A 2008 article in Brazil’s newspaper of record, Folha De S. Paulo, declared former president Fernando Henrique Cardoso the “Champion of Whiteness.” A survey conducted by DataFolha, part of the same Grupo Folha media conglomerate as the newspaper, had asked nearly three thousand Brazilians to assign a color to several Brazilian celebrities. The survey limited the options to branco (white), preto (literally black, but more like dark skinned), pardo (essentially any shade between branco and preto), amarelo (literally yellow, used primarily for Brazil’s large Japanese population, especially in São Paulo, and its growing Chinese population), and indigenous (the only color that is explicitly an ethnic category). Seventy percent of participants considered Fernando Henrique Cardoso white, with his successor Lula da Silva coming in as what one can only presume is the runner-up of whiteness, with 45 percent of respondents identifying him that way. (Nearly 80 percent of respondents deemed the Brazilian musician Gilberto Gil preto, but this was neither discussed in the Folha article nor, apparently, worthy of a championship.) In explaining why Cardoso had “beat out” Lula, Brazilian anthropologist Antônio Risério insisted that “if people didn’t know that it was FHC, probably, just judging by his skin color, they would say he is a mulatto. But since it’s FHC, an intellectual, he passes as white.”

As the categories themselves, and Risério’s explanation, reveal, “color” and race are not always synonymous in the Brazilian context. Features like hair texture, education, place of origin and address, and social class all factor into how people conceive of color, resulting in what researcher Elizabeth Hordge-Freeman calls a traitocracy that is more complex than a pigmentocracy or simple colorism. Just as the Brazilian footballer Neymar has previously denied he is black, Ronaldo the Phenomenon famously insisted that he was ignorant of the racism that other players face because he’s white. But according to Ronaldo Vainfas, another academic interviewed by Folha, Ronaldo’s “hair gives him away.” In the case of Lula, respondents may have viewed him primarily as a “nordestino,” someone from Brazil’s Northeast. Nordestinos’ blackness and indigeneity—or proximity thereto, regardless of color—is believed to be the source of the region’s underdevelopment, and their accents and rural cultural habits are portrayed in films and television as the antithesis to Risério’s usually southern “intellectual.” Yet people can shave or straighten their hair, or hide where they are from and live, whereas race is generally more a question of ancestry, which may or may not be factored into color.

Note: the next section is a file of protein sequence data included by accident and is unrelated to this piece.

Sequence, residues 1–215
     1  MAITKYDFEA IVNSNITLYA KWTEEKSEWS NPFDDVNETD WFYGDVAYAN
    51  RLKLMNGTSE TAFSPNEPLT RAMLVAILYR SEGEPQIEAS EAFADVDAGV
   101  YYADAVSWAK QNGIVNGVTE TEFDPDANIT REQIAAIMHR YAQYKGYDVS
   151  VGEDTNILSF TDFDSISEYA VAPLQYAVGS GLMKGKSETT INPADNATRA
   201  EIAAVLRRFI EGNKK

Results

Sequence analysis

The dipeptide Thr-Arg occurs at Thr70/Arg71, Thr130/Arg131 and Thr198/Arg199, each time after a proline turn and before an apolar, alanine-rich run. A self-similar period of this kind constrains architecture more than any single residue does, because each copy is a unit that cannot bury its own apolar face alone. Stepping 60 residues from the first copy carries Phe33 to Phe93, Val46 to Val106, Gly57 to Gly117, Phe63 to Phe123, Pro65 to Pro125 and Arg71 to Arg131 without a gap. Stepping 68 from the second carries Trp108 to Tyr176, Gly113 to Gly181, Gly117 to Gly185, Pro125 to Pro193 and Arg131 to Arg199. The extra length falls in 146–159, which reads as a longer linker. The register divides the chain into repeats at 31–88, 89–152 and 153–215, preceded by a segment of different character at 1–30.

Read entire article at The Baffler